November 3, 2010 | The Long Island Catholic Vol. 49, No. 28 | BISHOP WILLIAM MURPHY
This week we opened the month of November, as we do every year, with two complementary observances. The first is the Solemnity of All Saints. The second is the Commemoration of All the Faithful Departed or “All Souls’ Day.” Both speak to us important truths. Both offer moments for renewed hope and deep rejoicing. Both are essential to understanding the faith that is ours and both enjoin on us a deepening of the bond of love which makes us one with one another as the Church on earth and one in love with the Church “triumphant.”
What we celebrate on these two days, we carry through the whole month of November. That applies in a particular way to the commemoration of the faithful departed. The pious custom of praying for the dead is found clearly expressed in both the Jewish liturgy and in pre-Christian Jewish practice recorded in the Book of Maccabees. To God who is the giver of life we commend those we love that they might know the peace of eternal life. For us the promise of eternal life has a character and a substance that is revealed to us by the Resurrection of Jesus whose every word proclaimed the Kingdom of God as God’s gift. Jesus who is salvation offers us the Kingdom in fulfillment of God’s promise. We experience the Kingdom in many moments of our lives on earth but never more keenly or more profoundly than when we gather to celebrate the Eucharist. In the Eucharist we always remember those who “have died and gone before us marked with the sign of peace.”
That we who are sinners — and all of us are — need the support of the prayers of the Church should be self evident. We have been baptized into the death and resurrection of Christ Jesus. We are thus made members of His Body, the Church. The bond of the Spirit that makes us into this one Body, the Church, is more real, more profound, more intimate than any other bond of life or love that we have, including our own personal families. To pray for the dead is then the pious responsibility of us all because we know that love can only be made perfect when it is purified of imperfections and transformed by the loving, cleansing power of divine love. By our prayer we help “open up” one another’s lives by seeking the transforming power of divine love to prepare those who have died to be embraced fully in the divine life that is union with God, a life that, because it is from God, can never end.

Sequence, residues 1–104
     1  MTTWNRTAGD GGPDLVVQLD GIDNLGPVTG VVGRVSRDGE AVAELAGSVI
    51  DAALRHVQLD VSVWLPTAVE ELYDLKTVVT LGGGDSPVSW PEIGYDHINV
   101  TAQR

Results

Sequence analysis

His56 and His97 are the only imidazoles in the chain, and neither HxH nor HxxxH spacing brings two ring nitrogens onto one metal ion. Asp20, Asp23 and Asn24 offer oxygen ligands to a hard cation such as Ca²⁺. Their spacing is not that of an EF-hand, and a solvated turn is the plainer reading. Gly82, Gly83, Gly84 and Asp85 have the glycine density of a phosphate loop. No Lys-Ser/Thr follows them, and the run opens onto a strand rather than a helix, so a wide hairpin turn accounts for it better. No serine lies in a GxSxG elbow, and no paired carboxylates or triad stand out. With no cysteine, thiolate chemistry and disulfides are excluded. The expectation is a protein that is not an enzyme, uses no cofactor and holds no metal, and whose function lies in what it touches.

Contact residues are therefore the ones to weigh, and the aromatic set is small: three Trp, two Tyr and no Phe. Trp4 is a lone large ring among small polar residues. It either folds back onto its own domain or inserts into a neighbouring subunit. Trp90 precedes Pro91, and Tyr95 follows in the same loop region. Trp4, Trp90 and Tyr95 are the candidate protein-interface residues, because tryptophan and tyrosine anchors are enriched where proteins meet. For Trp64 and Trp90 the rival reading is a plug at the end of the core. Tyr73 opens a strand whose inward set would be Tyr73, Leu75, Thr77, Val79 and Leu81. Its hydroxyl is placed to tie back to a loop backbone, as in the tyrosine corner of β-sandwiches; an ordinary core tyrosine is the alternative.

In the same Eucharist we celebrate as the Church on earth, we know we are “surrounded by a bright cloud of witnesses.” The early Church fathers have taught us that the Divine Liturgy, the Mass we celebrate as Christ’s Body on earth, is sustained and accompanied by the presence of Mary and the angels and the saints. When we proclaim the death and resurrection of the Lord in the Eucharistic prayer, we consciously do so by joining our voices to theirs in the ancient chant, “Holy, Holy, Holy, Lord God of power and might. Heaven and earth are full of your glory. Hosanna in the Highest.”